Boeing sees little chance that it will have to cut production of the 777 during the transition to the 777X, notwithstanding recent conjecture from analysts that a so-called sales “drought” since the launch of the program during last year’s Dubai Air Show could portend a period of market weakness–and a possibility that it won’t find enough orders to maintain its 8.3-per-month rate into 2020.
Airbus Defence and Space Military Aircraft is scheduled to deliver the first of 22 A400M airlifters to the Royal Air Force in September. The delivery of aircraft MSN15 not only will mark the start of operations by a third country, but also represents the introduction of new capabilities as an important step along the type’s development roadmap. To get those capabilities into service has necessitated an intensive flight-trial campaign in the first part of this year.
Analysts expect established trends in predicted long-term jetliner requirements to continue, with little change to the market breakdown by aircraft size, according to the latest Boeing 20-year forecast statistics, unveiled in London on July 10.
Airbus DS is at an advanced stage of selling A330 MRTTs to three more countries. Qatar has selected to buy two pod/boom-equipped aircraft, while India has selected the A330 with Rolls-Royce engines and a pod/FRU tanking configuration. Airbus has finalized negotiations, including offset packages, and has pre-signed the contract. A signature is hoped for before the end of the year.
Airbus Defence and Space Military Aircraft (Outdoor Exhibit 13) has announced that it will begin deliveries of an improved version of the A330 multi-role tanker transport in late 2017. The initial A330 MRTT Enhanced aircraft will be the first of six that were ordered by Singapore earlier this year. Subsequent production aircraft will all be of the new version.
By the end of September, Airbus expects to have received European Aviation Safety Agency type certification for the A350 ahead of delivery of the first two aircraft– manufacturer’s serial numbers (MSNs) 006 and 007–to Qatar Airways by the end of the year. The final flight-test aircraft, MSN005, flew on June 20–a year and six days after the type’s maiden flight.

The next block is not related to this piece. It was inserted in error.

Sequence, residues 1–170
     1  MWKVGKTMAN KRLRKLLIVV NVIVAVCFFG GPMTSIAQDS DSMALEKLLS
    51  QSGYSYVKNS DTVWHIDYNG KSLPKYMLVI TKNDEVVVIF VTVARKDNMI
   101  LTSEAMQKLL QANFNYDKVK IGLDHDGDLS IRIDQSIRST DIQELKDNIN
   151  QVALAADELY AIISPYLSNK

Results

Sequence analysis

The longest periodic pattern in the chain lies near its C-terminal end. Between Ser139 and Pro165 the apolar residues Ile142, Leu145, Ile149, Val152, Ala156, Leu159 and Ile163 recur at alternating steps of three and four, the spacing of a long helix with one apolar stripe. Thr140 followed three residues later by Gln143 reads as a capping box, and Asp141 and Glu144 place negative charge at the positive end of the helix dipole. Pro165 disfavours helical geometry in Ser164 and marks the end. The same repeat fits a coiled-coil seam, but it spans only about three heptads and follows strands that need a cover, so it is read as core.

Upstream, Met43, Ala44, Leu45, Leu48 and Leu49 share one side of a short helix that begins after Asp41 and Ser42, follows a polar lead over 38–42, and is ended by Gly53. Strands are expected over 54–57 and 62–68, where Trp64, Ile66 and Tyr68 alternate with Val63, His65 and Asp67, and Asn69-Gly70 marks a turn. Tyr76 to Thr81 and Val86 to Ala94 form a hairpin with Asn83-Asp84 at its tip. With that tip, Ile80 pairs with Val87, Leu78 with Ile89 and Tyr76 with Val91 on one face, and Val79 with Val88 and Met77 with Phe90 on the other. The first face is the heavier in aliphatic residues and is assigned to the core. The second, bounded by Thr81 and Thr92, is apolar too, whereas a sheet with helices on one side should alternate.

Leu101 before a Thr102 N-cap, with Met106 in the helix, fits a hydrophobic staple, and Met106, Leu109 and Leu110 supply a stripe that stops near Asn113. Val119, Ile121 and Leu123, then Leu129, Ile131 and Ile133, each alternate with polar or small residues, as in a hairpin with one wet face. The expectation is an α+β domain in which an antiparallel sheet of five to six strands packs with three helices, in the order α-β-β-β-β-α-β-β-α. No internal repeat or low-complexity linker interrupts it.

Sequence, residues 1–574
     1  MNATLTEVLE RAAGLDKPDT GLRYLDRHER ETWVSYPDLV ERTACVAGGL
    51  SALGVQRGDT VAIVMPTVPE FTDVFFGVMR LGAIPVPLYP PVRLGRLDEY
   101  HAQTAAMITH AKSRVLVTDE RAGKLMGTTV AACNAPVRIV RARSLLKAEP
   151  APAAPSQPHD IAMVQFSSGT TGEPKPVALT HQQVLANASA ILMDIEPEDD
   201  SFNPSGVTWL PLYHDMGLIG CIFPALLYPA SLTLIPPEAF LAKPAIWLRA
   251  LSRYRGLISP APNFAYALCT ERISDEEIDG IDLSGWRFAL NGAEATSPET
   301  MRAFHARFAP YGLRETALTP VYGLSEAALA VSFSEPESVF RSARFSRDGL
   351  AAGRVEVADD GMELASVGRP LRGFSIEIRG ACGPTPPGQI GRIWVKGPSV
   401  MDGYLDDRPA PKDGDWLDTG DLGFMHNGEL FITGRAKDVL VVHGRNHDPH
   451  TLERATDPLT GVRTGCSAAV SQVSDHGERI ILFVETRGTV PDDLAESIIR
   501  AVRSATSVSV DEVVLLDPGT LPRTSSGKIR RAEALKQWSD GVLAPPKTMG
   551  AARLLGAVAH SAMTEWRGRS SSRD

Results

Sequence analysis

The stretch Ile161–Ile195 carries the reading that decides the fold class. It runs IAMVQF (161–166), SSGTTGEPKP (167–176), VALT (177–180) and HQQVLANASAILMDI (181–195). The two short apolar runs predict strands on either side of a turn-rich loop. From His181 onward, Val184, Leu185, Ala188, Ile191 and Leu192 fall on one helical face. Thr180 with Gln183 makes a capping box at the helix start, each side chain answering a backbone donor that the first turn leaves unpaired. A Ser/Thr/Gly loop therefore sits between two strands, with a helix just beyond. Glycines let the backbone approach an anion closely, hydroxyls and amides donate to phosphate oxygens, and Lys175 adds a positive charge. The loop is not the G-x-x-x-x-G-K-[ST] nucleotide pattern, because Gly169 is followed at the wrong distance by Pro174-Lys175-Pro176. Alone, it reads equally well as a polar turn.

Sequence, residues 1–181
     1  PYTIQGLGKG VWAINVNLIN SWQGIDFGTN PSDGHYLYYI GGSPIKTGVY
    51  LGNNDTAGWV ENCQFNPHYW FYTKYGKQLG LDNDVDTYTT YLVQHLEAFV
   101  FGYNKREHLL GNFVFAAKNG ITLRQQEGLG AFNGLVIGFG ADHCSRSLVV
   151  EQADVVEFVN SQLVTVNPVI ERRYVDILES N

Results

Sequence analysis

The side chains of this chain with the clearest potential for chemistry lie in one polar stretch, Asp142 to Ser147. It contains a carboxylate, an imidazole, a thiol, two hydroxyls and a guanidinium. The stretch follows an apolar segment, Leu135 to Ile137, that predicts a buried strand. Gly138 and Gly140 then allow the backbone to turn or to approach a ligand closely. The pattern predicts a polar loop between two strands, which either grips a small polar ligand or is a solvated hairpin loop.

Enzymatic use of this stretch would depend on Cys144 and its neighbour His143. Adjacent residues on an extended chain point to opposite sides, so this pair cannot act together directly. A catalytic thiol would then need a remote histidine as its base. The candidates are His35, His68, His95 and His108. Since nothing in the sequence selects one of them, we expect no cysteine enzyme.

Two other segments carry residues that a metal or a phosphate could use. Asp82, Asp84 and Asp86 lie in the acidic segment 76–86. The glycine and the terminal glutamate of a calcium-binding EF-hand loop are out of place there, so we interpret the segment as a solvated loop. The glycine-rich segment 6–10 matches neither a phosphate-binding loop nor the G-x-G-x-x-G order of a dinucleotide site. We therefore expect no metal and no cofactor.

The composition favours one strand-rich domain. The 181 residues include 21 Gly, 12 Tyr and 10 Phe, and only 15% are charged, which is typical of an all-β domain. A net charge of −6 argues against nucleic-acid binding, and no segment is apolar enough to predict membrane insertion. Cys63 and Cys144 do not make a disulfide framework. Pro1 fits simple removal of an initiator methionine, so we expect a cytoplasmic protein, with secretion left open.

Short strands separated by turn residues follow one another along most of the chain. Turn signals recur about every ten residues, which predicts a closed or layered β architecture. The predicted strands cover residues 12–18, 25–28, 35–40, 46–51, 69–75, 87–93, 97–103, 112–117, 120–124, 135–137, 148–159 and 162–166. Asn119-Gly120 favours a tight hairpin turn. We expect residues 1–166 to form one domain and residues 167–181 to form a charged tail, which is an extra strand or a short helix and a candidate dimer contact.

As Airbus A350XWB (Xtra widebody) customers freeze aircraft interior configuration plans, the European manufacturer hopes to limit cabin furnishing options for the new twin-aisle twinjet in order to keep final-assembly lines flowing as it accelerates production rates during a steep industrial ramp-up.
Airbus has begun airline crew training for its A350XWB customers about six months ahead of the new twin-aisle twinjet’s entry into service, scheduled for late this year, according to chief test pilot Peter Chandler, who flew the aircraft on its maiden flight in June 2013. He reports that the training syllabus has been developed and that the first A350 pilot course was under way last month, with access to a full flight simulator. Launch customer Qatar Airways and Singapore Airlines have received demonstration flights.
By the end of the year, CFM (OE 22) plans to have put together and tested around 20 Leap-1A/B/C turbofans, in preparation for their first flights next year and in 2016 on their respective application airframes. The Franco-American engine manufacturer is also gearing up for a swift production ramp-up, planned to reach an annual 1,700 engines by the end of the decade. The Leap will power the Airbus A320neo (Leap-1A), the Boeing 737 Max (Leap-1B) and Comac C919 (Leap-1C) narrowbodies.
The first level-D flight simulator for Airbus Helicopters’ EC175 medium twin received EASA certification this week, thus allowing the manufacturer to use it to train customer pilots. Designed by Spain-based Indra and located at the Helisim training center adjacent to Airbus Helicopters’ factory in Marignane, France, it features a 210-degree by 80-degree continuous field of view. Another EC175 full-motion simulator will be installed in the U.S.